File - NCEA Level 3 Biology

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Timaru Girls’ High School
Level 3 Biology
External
4 Credits
Keywords for AS 91605 –
Demonstrate understanding
of evolutionary processes
leading to speciation.
1.
Adaptive radiation
The evolution of a number of different species of plant or animal
from one ancestral species, eg. Darwin’s Galapagos finches.
2.
Allopatric speciation
Speciation occurring where organisms are initially capable of
actually interbreeding but cannot because they are
geographically separated.
3.
Allopatry
Describes groups of organisms that could potentially interbreed
but do not because they are geographically separated.
4.
Analogous structures
Structures that are superficially similar but have evolved in
different ways, eg. the wings of birds, bats and insects.
5.
Ancestral type
A hypothetical individual possessing the ancestral or primitive
characteristics of a group of species.
6.
Artificial selection
Deliberate selection by humans for desired features in a plant or
animal species.
7.
Autopolyploidy
A type of polyploidy where the multiple sets of chromosomes are
all derived from the same species.
8.
Cladistics
A method of classification in which animals and plants are placed
into groups called clades when they share characteristics that
are thought to indicate common ancestry.
9.
Classification
The arrangement of organisms into a series of groups based on
physiological, biochemical, and anatomical or other relationships.
10. Cline
A gradual variation in the characteristics of a species or
population over its geographical range.
11. Convergent evolution
The development of superficially similar structures in unrelated
organisms, usually because the organisms live in the same kind
of environment.
12. Divergent evolution
An accumulation of changes in the gene pools of two (or more)
populations, leading to the formation of races, sub-species,
species etc.
13. Evolution
The gradual process by which the present diversity of plants and
animals arose from the earliest and most primitive organisms.
14. Geological record
Fossils preserved in sedimentary rock layers that can be used to
trace the evolutionary history of a species.
15. Homologous
structures
Structures that have a similar evolutionary history but have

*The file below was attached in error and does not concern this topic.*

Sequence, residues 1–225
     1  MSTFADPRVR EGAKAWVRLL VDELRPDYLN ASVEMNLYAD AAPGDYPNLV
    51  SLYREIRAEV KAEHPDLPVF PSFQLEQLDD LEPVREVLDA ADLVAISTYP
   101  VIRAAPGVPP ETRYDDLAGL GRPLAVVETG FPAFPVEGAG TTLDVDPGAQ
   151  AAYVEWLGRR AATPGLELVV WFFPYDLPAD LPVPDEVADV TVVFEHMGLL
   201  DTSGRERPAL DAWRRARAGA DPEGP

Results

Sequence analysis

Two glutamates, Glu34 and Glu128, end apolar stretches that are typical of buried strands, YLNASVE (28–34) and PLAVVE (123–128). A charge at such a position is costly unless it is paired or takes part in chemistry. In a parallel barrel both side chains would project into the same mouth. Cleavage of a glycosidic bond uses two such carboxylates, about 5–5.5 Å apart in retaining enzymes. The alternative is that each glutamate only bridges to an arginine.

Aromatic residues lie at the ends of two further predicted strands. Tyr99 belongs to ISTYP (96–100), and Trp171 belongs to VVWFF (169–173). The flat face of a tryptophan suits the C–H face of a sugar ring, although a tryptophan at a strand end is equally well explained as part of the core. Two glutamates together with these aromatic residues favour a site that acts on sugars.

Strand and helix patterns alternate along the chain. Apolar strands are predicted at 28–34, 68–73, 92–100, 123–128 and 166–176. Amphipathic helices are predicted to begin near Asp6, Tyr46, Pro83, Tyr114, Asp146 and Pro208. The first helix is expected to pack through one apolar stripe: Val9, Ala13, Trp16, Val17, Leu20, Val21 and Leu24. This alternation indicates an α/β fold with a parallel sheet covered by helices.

developed to suit different functions, eg. wings of a bat, flippers
of dolphins and arms of humans have all evolved from paired
pectoral fins of an ancestral fish.
16. Hybrid
The offspring of a mating where the parents differ in at least one
characteristic. The term is usually applied to offspring of widely
different parents, eg. different varieties/species.
17. Instant speciation
The formation of a new species through autopolyploidy or
allopolyploidy. Because the chromosome numbers of the new
‘instant’ species do not match that of the original species they
cannot interbreed.
18. Macro-evolution
The formation of a completely new species, genera, etc.
19. Micro-evolution
The accumulation of (through mutation) of new characteristics in
a species.
20. Natural selection
The process that brings about new species by eliminating
individuals that are less well adapted to their current environment
from a population showing variation, allowing mainly individuals
with advantageous adaptations to survive and reproduce.
21. Parallel evolution
The development of related organisms along similar evolutionary
paths due to strong selection pressures acting on all of them in
the same way.
22. Phyletic speciation or
Sequential speciation
Speciation where adaptation by a species to changing
environments creates a new species. This occurs because along
with adaptations to the environment, barriers to breeding with the
‘original’ species are developed.
23. Phylogeny
The evolutionary history of an organism or a group of related
organisms.
24. Polymorphism
The existence of three or more distinctly different forms within a
plant or animal species, eg. the different ‘castes’ found in social
insects such as bees or ants.
25. Primitive feature
A feature that is assumed to have been present in the
evolutionary ancestor of a species of group of species. It may or
may not have been simpler, depending on the evolutionary
history of the species.
26. Reproductive isolation
A barrier to breeding that exists due to differences in mating
season or mating organs, eg. flowers flowering at different times
of year.
27. Ring species
Two apparently distinct species that are connected by a series of
intermediate geographical and structural subspecies between
which interbreeding can occur.
28. Selection pressure
The extent to which organisms possessing a particular
characteristic are either eliminated or favoured by environmental
demands.
29. Speciation
The development of one or more species from an existing
species. It occurs when sympatric or allopatric populations
diverge so much from the parent population that interbreeding
cannot occur.
30. Species
A category used in the classification of organisms that consists of
a group of organisms that can usually breed together and
produce fertile offspring.
31. Sub-species
A group of individuals within a species that breed more freely
among themselves than with other members of the species and
resemble each other in more characteristics.
32. Sympatric speciation
Speciation occurring where organisms living within the same
area are theoretically capable of interbreeding, but cannot
because of difference in behaviour, flowering time etc.
33. Sympatry
Describes groups of organisms that live in the same
geographical area.
34. The new synthesis
Also referred to as ‘neo-Darwinism’. It combines the ideas of
Darwin with the discoveries of Mendel and forms the basis of
modern evolutionary science.
35. Vestigial organ
Any part of an organism that has diminished in size during its
evolution because the function it serves has decreased in
importance, eg. the appendix in humans.
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